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Treatment shows promise for heart damage from COVID-19

COVID-19 viral particles have been detected in the heart muscles of people with COVID-19 as well as in autopsy samples. Heart damage is also thought to contribute to the symptoms of “long haul” COVID-19.

As of August 2021, there were 201.75 million cases of COVID-19 worldwide and 4.28 million deaths associated with the virus (1). When someone with a pre-existing condition contracts COVID-19, their risk for death often increases. For people with cardiovascular disease, the risk increases from 2.3% to 10.5% (2).

Why does COVID-19 cause heart damage, and what treatment can help to prevent it?

First, it is helpful to understand how a healthy heart works. The heart is a big muscle made up of four chambers. The upper chambers are atrium, and the lower chambers are ventricles. Blood is pumped into the chambers through four heart valves.

Blood flows from the body, through the right atrium and ventricle and into the lungs to be oxygenated. The oxygenated blood flows back through the left atrium and ventricle and then out to the rest of the body (3).

With each heartbeat, pressure is created as the heart pumps blood. Blood pressure readings measure the pressure of the blood as it is pumped out of the heart, known as the systolic blood pressure and measure the pressure between beats, known as the diastolic blood pressure (4).

As one ages the blood vessels can become damaged. Sedentary lifestyles also cause a buildup of plaque inside blood vessel walls, causing them to narrow (atherosclerosis). The damaged, narrower blood vessels cause blood pressure to increase.

The body makes various hormones, proteins, and enzymes to regulate blood pressure and fluid balance in the body (5). When blood pressure increases, the body produces more of these chemicals, such as angiotensin converting enzyme 2 (ACE2). ACE2 is produced by the lungs, and researchers have determined ACE2 receptors are how someone becomes infected with COVID-19 (6).

From there, the spike protein from COVID-19 binds to the cell surface of ACE2 receptors, including those ACE2 receptors in cardiac muscle. This allows COVID-19 to spread throughout the body (2) and potentially cause heart damage.

How COVID-19 affects the heart

To better understand how COVID-19 damages the heart and potential treatments for it, scientists from the University of Cambridge completed a study of heart cells grown from human embryonic stem cells. Their study was published in the journal, Communications Biology.

Initially the researchers grew the heart cells to mimic the functions of human hearts. The heart cells were then infected with a modified synthetic virus that had the COVID-19 spike protein attached (2).

When the heart cells were fully infected with COVID-19, different drug treatments were administered to the infected heart cells. The researchers treated the cells with small molecule inhibitors, an ACE2 peptide antagonist, and an ACE2 antibody targeting protein. Uninfected heart cells were treated with the same drugs for comparison (2).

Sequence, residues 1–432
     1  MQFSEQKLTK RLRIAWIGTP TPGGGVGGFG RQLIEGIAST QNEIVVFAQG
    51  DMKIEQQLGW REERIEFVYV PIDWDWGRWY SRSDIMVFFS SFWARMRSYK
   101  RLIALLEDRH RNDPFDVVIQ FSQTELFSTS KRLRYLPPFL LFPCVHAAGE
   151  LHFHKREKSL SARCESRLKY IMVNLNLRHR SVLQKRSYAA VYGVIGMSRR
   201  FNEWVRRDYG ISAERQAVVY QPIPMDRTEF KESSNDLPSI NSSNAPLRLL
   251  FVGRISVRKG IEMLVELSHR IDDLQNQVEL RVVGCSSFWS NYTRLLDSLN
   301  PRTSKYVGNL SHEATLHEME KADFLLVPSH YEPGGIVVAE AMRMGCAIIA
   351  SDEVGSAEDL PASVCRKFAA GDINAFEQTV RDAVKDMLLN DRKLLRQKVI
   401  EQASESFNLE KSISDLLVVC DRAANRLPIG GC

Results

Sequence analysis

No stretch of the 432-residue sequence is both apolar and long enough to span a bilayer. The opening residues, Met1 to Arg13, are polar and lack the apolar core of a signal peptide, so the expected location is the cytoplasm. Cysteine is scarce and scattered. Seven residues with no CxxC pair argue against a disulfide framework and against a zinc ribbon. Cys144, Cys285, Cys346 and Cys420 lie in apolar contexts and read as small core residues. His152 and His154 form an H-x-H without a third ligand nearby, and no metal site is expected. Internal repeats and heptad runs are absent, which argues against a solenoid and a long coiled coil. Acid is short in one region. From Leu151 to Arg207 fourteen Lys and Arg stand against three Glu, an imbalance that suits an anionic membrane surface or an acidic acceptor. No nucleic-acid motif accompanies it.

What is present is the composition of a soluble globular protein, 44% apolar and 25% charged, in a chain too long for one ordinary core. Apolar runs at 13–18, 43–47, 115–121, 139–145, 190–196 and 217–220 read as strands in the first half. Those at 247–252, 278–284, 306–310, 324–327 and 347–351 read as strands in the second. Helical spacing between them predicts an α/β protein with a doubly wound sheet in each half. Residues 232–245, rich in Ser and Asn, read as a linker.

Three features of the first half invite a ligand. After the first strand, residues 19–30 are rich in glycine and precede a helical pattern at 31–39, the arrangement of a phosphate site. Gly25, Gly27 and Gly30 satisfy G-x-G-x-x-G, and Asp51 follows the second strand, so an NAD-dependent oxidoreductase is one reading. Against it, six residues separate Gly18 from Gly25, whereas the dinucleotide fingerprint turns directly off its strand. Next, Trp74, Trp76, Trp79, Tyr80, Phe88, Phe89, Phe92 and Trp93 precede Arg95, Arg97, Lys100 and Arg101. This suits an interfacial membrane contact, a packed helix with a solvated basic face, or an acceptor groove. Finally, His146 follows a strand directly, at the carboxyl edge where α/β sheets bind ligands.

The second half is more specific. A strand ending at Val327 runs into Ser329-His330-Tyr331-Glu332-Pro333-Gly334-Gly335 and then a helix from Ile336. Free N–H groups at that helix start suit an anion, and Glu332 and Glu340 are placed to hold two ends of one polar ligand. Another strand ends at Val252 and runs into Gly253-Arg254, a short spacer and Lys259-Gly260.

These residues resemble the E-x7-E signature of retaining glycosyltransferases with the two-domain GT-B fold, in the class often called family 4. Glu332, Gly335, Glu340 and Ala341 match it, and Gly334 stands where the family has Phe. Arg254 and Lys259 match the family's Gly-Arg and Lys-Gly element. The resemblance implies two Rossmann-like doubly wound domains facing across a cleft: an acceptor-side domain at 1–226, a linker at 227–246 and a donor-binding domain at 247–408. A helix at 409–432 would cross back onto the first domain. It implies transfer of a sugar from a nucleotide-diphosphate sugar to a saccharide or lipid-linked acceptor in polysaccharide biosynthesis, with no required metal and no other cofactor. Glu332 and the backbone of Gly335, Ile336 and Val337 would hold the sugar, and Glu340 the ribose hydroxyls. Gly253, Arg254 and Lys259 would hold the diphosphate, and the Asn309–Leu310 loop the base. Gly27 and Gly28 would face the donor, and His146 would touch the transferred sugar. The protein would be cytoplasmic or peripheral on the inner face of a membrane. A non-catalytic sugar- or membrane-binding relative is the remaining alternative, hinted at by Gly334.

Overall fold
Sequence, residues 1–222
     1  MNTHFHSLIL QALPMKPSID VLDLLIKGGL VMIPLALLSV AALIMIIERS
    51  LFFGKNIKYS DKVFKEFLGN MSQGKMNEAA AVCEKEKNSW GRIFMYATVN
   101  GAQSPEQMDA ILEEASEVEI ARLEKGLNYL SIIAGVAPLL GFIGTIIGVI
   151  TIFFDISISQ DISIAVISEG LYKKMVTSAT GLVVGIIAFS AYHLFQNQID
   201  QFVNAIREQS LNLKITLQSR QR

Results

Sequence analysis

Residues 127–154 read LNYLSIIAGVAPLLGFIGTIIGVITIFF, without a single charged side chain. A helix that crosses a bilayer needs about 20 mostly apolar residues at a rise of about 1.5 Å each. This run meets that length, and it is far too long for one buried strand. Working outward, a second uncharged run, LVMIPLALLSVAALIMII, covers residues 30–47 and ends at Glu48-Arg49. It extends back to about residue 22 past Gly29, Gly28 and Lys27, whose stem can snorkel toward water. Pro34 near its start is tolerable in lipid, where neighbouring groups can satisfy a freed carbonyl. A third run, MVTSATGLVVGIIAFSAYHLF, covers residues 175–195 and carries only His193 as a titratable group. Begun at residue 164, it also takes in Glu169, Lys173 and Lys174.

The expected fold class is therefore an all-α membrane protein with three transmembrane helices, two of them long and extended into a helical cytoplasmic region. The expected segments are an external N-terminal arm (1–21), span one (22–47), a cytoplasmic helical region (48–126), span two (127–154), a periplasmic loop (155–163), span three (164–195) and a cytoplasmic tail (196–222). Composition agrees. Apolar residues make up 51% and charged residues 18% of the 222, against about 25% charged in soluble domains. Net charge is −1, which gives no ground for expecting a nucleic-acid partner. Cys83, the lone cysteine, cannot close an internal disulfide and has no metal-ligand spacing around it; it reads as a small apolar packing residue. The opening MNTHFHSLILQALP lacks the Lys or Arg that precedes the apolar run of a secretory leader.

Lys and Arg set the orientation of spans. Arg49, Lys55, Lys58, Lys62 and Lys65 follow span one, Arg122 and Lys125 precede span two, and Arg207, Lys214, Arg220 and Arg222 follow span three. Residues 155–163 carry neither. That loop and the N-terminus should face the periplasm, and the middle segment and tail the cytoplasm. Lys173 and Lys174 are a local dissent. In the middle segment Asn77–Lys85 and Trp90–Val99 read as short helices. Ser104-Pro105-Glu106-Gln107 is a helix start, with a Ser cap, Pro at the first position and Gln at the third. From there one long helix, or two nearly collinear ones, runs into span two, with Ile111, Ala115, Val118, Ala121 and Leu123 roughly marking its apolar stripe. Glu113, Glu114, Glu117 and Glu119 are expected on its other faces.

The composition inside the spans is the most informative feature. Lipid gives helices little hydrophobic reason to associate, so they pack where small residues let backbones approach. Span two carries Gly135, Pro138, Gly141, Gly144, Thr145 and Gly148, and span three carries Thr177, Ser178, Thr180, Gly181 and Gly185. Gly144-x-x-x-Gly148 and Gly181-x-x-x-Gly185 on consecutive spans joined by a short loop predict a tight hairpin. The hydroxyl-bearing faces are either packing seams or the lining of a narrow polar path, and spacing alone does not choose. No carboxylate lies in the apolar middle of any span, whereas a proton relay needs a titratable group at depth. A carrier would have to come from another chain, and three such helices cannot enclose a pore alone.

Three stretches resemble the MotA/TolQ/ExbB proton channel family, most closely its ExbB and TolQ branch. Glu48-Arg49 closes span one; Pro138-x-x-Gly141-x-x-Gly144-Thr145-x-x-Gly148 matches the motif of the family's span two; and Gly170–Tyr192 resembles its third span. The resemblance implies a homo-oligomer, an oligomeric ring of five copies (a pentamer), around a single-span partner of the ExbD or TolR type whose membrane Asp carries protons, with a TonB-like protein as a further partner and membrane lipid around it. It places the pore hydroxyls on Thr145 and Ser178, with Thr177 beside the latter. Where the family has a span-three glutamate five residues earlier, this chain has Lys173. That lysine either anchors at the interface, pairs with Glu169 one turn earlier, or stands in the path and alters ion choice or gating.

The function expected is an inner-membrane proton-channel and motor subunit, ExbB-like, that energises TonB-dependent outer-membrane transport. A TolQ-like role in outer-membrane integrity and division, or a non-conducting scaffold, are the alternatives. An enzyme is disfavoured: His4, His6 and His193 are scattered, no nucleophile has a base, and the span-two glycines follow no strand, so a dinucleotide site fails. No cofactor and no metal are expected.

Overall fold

The researchers found promising results when infected cells were treated with benztropine and DX600 to prevent cells from being infected with COVID-19. Additionally, COVID-19 infection was inhibited when the cells were treated with camostat, E64d, and ACE2 antibody. DX600 was more effective at preventing infection than the antibody, but additional research is needed to determine if it is actually more effective (2).

Explaining how DX600 works in a press release, study author Dr. Anthony Davenport stated, “The spike protein is like a key that fits into the ‘lock’ on the surface of the cells – the ACE2 receptor – allowing it entry. DX600 acts like gum, jamming the lock’s mechanism, making it much more difficult for the key to turn and unlock the cell door. We need to do further research on this drug, but it could provide us with a new treatment to help reduce harm to the heart in patients recently infected with the virus, particularly those who already have underlying heart conditions or who have not been vaccinated. We believe it may also help reduce the symptoms of long COVID.”


  1. Ritchie H, Ortiz-Ospina E, Beltekian D, et al. Coronavirus Pandemic (COVID-19). Our World in Data. Published online March 5, 2020.
  2. Williams TL, Colzani MT, Macrae RGC, et al. Human embryonic stem cell-derived cardiomyocyte platform screens inhibitors of SARS-CoV-2 infection. Communications Biology. 2021;4(1). doi:10.1038/s42003-021-02453-y
  3. How the Healthy Heart Works. Published 2019. Accessed August 10, 2021.
  4. American Heart Association. What is High Blood Pressure? Published 2016. Accessed August 10, 2021.
  5. Speller J. The Renin-Angiotensin-Aldosterone-System – Renin Release – Angiotensin II Production – TeachMePhysiology. TeachMePhysiology. Published April 28, 2020. Accessed August 10, 2021.
  6. Ni W, Yang X, Yang D, et al. Role of angiotensin-converting enzyme 2 (ACE2) in COVID-19. Critical Care. 2020;24(1). doi:10.1186/s13054-020-03120-0

Image by Gerd Altmann from Pixabay 

Rebecca Blankenship BSc
Rebecca Blankenship BSc
Rebecca Blankenship is a freelance technical writer. She reviews, edits, and authors internal quality documentation required for regulatory compliance. She has twenty years experience in industrial pharma/medical device quality management systems and an honors BSc in chemistry. She is a natural born rule follower and enjoys applying this strength to help others be audit ready to meet regulatory requirements. She also loves learning about the latest scientific discoveries while writing for Medical News Bulletin. Her free time is spent as a full-time mom, encouraging can-do attitudes and cooperation in her three children.


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